Gordon complemented my forehand hip rotation, with a caveat: The peak speed of my hips was 383 degrees a second, not far off from the 400-per-second mark that he has determined is common in top players. But I was reaching that speed after my shoulder speed peaked at 639 degrees per second, below the 800 he sees in high-level juniors. So I turned my hips fine, but mistimed the turn so badly that none of that energy was transferred to my racquet, leaving me with a racquet-head speed of 54 mph.
Gordon found much better timing on my two-handed backhand, which made sense: It’s a shot I can hit consistently, even if I haven’t played in months. It had the opposite problem as my forehand: It’s a decently timed stroke, but my hip and shoulder rotation speeds are low, so I waste much of that good timing and don’t hit the ball as powerfully, or with as much spin, as I could. I don’t drive through the shot with my left arm; instead, it just drags along behind my dominant right arm.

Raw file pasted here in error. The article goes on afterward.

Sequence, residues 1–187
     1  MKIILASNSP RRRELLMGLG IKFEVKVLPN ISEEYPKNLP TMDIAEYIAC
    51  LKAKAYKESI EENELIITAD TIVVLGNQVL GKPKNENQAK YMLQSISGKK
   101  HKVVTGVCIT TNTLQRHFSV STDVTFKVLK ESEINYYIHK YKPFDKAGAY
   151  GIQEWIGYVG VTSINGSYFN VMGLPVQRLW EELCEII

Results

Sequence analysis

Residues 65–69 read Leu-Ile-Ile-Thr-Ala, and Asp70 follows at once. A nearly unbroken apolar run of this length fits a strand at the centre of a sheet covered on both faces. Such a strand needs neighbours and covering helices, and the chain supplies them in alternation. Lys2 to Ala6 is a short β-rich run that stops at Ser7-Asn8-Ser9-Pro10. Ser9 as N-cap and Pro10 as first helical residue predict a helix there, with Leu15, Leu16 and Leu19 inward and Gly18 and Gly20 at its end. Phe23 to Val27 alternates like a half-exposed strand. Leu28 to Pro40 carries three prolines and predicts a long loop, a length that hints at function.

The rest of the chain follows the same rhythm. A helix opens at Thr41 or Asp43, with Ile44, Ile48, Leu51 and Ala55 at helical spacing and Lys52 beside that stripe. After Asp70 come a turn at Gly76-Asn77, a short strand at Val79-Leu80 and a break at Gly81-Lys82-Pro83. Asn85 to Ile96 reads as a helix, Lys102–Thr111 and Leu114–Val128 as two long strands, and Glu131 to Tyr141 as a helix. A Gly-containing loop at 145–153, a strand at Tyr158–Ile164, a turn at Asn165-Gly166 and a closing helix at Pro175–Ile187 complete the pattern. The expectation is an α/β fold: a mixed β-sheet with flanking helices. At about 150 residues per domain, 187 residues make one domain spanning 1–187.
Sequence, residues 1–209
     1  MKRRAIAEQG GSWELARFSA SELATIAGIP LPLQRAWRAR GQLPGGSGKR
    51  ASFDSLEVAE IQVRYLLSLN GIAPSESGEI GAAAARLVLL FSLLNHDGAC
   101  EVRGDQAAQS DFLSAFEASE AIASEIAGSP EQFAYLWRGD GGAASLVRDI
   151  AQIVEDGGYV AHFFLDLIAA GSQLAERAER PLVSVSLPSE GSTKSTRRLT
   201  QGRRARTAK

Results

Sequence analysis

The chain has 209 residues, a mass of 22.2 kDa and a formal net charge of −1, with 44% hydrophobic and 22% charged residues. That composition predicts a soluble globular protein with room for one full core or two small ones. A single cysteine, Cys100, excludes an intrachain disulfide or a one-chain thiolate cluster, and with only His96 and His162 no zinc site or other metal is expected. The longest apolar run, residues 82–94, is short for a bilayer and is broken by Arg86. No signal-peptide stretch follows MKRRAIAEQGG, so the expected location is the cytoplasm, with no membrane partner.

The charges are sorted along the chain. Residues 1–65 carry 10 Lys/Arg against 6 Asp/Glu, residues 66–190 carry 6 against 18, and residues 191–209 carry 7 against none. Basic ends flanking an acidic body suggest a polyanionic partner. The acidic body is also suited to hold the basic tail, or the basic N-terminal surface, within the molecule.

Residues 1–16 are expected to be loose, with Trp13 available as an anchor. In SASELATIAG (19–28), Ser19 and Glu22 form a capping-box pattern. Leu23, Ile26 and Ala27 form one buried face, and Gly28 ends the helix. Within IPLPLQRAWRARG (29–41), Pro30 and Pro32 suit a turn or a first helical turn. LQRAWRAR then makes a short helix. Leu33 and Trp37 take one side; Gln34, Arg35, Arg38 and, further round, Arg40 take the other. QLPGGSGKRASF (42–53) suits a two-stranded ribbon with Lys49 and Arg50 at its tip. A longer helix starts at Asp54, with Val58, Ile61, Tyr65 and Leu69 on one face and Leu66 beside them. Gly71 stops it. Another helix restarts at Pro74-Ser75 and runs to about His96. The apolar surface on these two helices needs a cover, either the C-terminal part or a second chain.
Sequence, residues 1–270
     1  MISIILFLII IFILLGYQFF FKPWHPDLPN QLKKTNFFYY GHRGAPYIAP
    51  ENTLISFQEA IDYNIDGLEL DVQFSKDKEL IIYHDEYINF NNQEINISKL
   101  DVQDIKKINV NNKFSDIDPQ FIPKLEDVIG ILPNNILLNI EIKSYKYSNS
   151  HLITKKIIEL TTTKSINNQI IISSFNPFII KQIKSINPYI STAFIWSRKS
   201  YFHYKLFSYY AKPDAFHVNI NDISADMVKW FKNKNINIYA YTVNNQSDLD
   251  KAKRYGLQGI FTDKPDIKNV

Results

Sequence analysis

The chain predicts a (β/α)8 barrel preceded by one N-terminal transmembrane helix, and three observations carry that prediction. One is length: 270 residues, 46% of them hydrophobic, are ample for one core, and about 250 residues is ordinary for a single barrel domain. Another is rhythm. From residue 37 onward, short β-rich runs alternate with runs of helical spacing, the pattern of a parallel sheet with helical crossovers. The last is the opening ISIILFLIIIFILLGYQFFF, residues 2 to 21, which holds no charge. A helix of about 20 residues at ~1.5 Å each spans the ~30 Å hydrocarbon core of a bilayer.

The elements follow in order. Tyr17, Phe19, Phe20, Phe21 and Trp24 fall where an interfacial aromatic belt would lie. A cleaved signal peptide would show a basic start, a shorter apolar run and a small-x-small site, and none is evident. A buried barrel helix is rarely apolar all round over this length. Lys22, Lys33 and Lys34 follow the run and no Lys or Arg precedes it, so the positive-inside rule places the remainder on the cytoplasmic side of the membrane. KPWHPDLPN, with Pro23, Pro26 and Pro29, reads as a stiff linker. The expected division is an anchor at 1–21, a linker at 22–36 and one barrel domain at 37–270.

Gordon estimated my fastest serve at 95 mph (based on the speed of my racquet), but it’s all arm. On a good serve, the legs should drive as the racquet head drops down with the face about 90 degrees to the torso. When the racquet is at it’s lowest point, the legs should be off the ground. All that energy is transferred into the up-and-out momentum of the racquet and into the ball. Again, my timing was off. My legs were driving up as I was swinging at the ball, and contributing nothing to the stroke.
“You muscle the ball,” Gordon said.
“So I’m not going to play in the U.S. Open this year?” I said.
“I don’t think you’ll be in the main draw, no,” Gordon replied.